This paper examines the extent, reasons and impacts of excess capacity in the global steel industry, as well as the implications of new investment projects that continue to take place at a rapid pace in many parts of the world. By focusing on new investment projects, this study intends to help governments and industry better understand the extent to which global steelmaking excess capacity may evolve in the future.
This public consultation was held to gather comments on the draft FAO-OECD guidance for responsible agricultural supply chains which is designed to help enterprises observe standards of responsible business conduct along their agricultural supply chains. The deadline for comment was 20 February 2015.
This STAN: OECD Structural Analysis Statistics 2014 provides analysts and researchers with a comprehensive tool for analysing industrial performance across countries. It includes annual measures of production, value added (at current and constant prices), gross fixed capital formation, number engaged and labour compensation. Data are in national currency for current price data i.e. in Euros for EMU countries; in terms of the current price value in the reference year (usually 2005) for volume data and in number of persons for employment data. Coverage is provided for 15 OECD countries and for multiple sectors, with extended coverage of service sectors according to ISIC Revision 4 classification.
The German Federal Institute for Geosciences and Natural Resources (BGR), supported by the OECD, has initiated a study to assess the contribution of small and medium-scale enterprises (SMEs) to due diligence for responsible mineral supply chains. To gather information for this study, SMEs were invited to take part on a confidential survey of due diligence activities by SMEs.
What are the channels for investment in sustainable energy infrastructure by institutional investors (e.g. pension funds, insurance companies and sovereign wealth funds) and what factors influence investment decisions? What key policy levers and risk mitigants can governments use to facilitate these types of investments? What emerging channels (such as green bonds, YieldCos and direct project investment) hold significant promise for scaling up institutional investment?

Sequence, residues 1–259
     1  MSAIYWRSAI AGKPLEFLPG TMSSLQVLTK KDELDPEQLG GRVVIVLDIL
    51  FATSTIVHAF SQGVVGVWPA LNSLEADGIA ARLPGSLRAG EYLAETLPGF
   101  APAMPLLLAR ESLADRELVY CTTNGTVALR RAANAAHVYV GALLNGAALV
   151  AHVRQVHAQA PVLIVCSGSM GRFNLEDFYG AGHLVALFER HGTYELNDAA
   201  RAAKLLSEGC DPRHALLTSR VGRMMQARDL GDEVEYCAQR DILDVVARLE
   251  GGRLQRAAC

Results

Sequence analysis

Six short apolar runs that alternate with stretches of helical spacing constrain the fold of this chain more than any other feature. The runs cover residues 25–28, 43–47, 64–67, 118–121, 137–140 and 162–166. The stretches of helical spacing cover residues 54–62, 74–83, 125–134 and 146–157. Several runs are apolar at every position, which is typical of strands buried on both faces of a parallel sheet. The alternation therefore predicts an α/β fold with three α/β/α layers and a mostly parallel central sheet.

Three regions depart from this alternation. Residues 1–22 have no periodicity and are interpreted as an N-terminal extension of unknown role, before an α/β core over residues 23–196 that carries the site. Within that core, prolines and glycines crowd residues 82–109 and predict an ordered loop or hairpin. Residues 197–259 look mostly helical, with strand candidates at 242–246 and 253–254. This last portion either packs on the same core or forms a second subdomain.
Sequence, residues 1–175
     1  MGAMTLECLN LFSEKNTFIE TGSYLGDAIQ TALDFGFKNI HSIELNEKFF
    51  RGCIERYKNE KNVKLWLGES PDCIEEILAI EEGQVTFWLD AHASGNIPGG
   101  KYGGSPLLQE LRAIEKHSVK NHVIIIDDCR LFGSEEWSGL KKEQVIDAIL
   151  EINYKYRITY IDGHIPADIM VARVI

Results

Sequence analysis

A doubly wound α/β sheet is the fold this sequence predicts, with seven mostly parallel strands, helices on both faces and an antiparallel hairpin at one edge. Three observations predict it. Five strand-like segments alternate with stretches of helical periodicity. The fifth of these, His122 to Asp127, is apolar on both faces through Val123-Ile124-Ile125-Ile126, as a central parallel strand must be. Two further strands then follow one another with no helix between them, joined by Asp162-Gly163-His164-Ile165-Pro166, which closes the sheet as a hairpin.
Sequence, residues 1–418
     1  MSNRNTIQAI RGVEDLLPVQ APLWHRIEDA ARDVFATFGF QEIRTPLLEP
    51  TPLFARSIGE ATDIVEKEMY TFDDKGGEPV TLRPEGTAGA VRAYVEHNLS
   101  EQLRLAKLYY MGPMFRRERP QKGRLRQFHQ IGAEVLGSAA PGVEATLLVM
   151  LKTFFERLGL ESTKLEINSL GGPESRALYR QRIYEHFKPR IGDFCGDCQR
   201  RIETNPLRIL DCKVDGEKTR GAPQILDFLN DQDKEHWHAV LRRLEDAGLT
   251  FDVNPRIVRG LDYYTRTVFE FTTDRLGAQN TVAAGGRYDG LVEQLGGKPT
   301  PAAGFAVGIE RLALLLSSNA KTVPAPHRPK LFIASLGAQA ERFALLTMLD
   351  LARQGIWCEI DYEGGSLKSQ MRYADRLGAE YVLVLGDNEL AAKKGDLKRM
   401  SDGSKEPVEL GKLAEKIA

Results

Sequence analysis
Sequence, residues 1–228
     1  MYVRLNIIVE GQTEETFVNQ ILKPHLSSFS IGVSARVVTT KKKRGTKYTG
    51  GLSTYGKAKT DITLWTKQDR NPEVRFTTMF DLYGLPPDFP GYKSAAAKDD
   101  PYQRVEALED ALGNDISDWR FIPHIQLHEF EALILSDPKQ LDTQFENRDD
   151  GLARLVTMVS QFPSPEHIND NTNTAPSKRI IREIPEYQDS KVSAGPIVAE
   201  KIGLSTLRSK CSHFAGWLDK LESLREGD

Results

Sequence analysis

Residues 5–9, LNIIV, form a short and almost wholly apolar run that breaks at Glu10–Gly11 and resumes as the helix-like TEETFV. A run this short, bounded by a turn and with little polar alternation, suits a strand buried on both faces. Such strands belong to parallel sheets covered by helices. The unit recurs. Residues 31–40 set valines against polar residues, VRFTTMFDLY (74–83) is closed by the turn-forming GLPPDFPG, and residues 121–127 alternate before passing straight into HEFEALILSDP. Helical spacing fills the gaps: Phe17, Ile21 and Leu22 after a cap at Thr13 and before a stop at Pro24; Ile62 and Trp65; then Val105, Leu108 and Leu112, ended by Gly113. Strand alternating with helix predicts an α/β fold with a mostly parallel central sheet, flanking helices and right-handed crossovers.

This report develops a framework that classifies investments according to different types of financing instruments and investment funds, and highlights the risk mitigants and transaction enablers that intermediaries (such as public green investment banks and other public financial institutions) can use to mobilise institutionally held capital. This framework can also be used to identify where investments are or are not flowing, and focus attention on how governments can support the development of potentially promising investment channels and consider policy interventions that can make institutional investment in sustainable energy infrastructure more likely.
New approaches are needed for addressing social and economic challenges, including new models of public and private partnership which can fund, deliver and scale innovative solutions from the ground up.
The OECD Steel Committee carries out analytical and statistical work on world steel market and industry developments, steelmaking capacity, steel trade developments, and steel-related raw materials. It holds meetings and workshops to discuss current and emerging issues.
English, PDF, 1,007kb
The growing gap between global steelmaking capacity and demand has led to a deterioration in the financial situation of steelmakers, and has raised concerns about the longer-term economic viability and efficiency of the industry. Although excess capacity has increased significantly since the financial crisis, and despite slowing demand growth in global markets, new investment projects continue in many parts of the world.
The working paper series on international investment – including policies and trends and the broader implications of multinational enterprise – makes available selected studies by the OECD Investment Committee, OECD Investment Division staff, or by outside consultants working on OECD Investment Committee projects.
English, PDF, 912kb
Investment treaty law reflects a permanent tension between stability and flexibility. Stability nurtures predictability, while flexibility helps legal systems stay in alignment with changing circumstances and evolving needs. This paper establishes an inventory of the mechanisms in investment treaty law that provide flexibility and surveys relevant treaty practice.